Children & Young People
Childhood plays a pivotal role in who we become as adults: from our educational attainment and progression into work, to how we form relationships with others.
Children and young people are two of the most vulnerable groups in society, and forming a more complete understanding of their lives and of how early experiences affect later life is vital. Investing in research and policy around children and young people will allow us to not only safeguard and support the next generation, but enrich their lives and allow each child and young person the opportunity to excel.
Children and Young People is one of ADR UK’s flagship research themes. It is aimed at enabling a more comprehensive assessment of the experience of childhood in the UK to in turn develop a better understanding of what does and doesn’t work in public sector services for children and young people. This includes assessing trends in vulnerability, wellbeing and welfare in early life, and their impact upon later life experiences.
There are several ambitious new data linkage projects – as well as research projects using existing linked data – being undertaken across the partnership within this theme. These include, for example, linking together 2011 Census data with attainment data from the Department for Education (DfE) to create an anonymised longitudinal dataset on children in England: the ‘Growing Up in England’ dataset. Meanwhile, the ‘Understanding Children’s Outcomes’ project is working to link the pupil census data for Scotland with Scottish Government data on looked after children, children’s health, births and deaths, and the 2001/2011 national census.
ADR Northern Ireland (ADR NI) and ADR Wales are conducting important work examining the lives of looked-after children. In Northern Ireland, for example, 30 years’ worth of individual-level social services data from Social Services Care Administrative and Records Environment are being linked to prescribed medication data, hospital data, the registry of self-harm and death records and the Northern Ireland Longitudinal Study (NILS), creating the UK’s first historical, population-wide cohort of those known to social services as children.
You can find out more about these projects and others underway within this theme by exploring the links below and visiting the ‘Projects’ page.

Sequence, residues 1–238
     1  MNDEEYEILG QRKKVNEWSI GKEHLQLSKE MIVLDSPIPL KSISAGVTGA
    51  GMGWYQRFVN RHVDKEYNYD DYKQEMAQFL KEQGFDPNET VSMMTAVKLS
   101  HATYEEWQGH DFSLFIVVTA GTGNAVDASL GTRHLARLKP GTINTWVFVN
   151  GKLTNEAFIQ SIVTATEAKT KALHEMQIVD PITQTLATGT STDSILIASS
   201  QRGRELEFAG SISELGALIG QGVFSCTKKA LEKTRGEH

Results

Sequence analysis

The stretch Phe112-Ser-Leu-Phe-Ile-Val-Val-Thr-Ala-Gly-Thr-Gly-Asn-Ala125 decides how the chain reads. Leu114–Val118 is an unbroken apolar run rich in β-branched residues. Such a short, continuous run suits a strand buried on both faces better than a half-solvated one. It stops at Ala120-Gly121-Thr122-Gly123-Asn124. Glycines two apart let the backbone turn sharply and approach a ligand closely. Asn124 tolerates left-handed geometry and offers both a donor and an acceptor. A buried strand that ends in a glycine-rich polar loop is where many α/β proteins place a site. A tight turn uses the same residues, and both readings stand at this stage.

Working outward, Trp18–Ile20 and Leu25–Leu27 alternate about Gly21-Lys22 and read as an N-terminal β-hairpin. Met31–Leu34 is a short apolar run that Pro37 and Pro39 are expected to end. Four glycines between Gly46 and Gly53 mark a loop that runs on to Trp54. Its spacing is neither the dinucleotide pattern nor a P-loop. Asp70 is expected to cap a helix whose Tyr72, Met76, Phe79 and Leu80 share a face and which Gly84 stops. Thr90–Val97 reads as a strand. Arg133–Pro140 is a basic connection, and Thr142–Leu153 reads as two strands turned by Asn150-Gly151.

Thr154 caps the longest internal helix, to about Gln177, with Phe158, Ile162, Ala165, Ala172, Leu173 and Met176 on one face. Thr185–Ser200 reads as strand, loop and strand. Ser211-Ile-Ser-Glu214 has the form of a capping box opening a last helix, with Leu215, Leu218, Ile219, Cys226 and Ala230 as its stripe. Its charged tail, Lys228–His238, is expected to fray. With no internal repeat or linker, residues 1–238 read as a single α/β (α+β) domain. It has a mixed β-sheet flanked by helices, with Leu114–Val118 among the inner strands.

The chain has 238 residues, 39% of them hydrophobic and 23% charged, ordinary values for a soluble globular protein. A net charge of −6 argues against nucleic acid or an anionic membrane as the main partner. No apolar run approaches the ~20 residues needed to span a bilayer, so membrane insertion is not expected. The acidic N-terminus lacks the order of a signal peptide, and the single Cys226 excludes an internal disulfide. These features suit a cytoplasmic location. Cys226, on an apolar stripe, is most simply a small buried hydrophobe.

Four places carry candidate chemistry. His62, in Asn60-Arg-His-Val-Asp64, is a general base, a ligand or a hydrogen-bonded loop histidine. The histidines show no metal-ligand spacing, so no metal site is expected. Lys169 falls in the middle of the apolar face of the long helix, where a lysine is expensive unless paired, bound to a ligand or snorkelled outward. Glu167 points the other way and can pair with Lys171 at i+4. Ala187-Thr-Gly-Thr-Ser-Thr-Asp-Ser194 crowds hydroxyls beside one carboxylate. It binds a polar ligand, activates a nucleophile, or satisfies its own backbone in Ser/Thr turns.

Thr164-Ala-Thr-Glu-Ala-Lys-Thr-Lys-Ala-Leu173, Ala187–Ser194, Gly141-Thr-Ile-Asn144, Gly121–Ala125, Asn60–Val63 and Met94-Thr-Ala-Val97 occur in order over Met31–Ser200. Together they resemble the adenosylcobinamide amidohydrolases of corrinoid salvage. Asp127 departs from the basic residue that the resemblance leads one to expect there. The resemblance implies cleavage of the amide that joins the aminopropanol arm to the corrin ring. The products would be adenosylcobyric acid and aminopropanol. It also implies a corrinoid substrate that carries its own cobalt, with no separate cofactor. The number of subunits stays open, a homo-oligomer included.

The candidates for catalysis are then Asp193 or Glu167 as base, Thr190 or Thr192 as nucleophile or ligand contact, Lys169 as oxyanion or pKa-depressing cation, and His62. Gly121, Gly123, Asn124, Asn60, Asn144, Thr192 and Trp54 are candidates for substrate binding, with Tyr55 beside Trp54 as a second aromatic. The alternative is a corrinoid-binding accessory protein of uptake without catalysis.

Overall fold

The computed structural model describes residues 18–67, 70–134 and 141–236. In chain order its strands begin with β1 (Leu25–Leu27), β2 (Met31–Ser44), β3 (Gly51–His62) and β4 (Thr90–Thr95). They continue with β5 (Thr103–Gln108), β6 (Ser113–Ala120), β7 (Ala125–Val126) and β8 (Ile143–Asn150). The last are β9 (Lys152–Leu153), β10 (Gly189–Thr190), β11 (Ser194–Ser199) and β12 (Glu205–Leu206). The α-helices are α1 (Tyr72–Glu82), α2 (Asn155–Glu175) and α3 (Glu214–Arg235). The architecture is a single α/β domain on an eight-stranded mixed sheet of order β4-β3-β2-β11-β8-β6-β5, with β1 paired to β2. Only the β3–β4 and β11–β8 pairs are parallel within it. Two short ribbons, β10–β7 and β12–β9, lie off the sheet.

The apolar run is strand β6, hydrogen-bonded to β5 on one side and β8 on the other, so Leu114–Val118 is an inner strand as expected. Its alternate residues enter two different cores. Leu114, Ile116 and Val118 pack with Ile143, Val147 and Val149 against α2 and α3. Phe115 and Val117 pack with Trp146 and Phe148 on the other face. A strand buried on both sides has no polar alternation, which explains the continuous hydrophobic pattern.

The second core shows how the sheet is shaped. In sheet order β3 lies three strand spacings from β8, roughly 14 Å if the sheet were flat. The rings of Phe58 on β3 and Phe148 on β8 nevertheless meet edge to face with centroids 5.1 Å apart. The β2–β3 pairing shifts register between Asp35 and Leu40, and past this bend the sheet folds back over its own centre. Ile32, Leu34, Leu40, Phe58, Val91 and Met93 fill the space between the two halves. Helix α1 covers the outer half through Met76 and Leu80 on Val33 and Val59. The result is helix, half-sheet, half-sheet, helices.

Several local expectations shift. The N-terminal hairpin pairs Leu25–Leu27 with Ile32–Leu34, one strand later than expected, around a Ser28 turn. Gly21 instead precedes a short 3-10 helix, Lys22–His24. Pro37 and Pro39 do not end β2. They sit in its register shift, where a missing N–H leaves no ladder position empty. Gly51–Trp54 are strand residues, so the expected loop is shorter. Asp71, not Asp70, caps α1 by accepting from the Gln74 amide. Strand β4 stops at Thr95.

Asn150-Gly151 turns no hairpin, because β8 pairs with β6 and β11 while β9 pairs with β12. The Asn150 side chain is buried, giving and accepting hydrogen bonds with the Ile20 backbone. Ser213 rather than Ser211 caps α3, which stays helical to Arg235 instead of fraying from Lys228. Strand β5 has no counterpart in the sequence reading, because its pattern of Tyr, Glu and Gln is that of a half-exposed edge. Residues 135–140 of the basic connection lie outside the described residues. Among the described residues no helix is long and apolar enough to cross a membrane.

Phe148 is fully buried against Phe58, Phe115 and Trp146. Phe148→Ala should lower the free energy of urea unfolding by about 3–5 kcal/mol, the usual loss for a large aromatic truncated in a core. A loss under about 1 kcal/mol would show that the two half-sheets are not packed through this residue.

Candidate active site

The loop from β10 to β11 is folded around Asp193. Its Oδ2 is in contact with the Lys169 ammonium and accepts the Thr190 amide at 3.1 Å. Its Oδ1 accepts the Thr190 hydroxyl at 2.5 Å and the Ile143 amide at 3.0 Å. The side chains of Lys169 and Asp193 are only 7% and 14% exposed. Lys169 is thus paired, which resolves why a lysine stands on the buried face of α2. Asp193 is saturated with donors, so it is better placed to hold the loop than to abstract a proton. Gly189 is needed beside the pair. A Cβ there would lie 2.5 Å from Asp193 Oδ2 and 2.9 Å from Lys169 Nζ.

Children & Young People Projects
Association between mental health disorders and patterns of education in children & young people
This project will explore associations between mental health disorders and poor school outcomes using linked routinely collected health and education datasets of the Welsh population.
Exploring associations between mental health disorders and patterns of education
The aim of this study is to explore educational attainment, levels of school absenteeism and exclusion in Welsh children and young people diagnosed with mental health disorders and/or alcohol and drug misuse.
Exploring the impact of the Welsh school-based counselling strategy
This is an e-cohort study of trends in the incidence of recorded depression and anxiety diagnoses and symptoms and antidepressant/anxiolytic prescriptions in children and young people in schools across Wales.
Children & Young People News
Report provides first insight into newborns in care proceedings in Wales
A team of researchers have become the first to produce a snapshot of the extent to which newborn babies and infants are subject to care proceedings in Wales using data sourced by ADR Wales.
ADR Wales publication looks at impact of Welsh Government early years programme
ADR Wales has published the results of analysis of the Welsh Government’s Flying Start programme which helps families with children under four years old in disadvantaged areas of Wales.
Data linking for the National Evaluation of the Troubled Families Programme
Ricky Taylor and Lan-Ho Man from the Ministry of Housing, Communities and Local Government (MHCLG) share their experience using linked data to evaluate the 'Troubled Families' programme.
Find out more
If you are a researcher interested in working with admistrative data within this theme, or a policymaker interested in how ADR UK work can improve your insights and support your decision making in this area, please get in touch.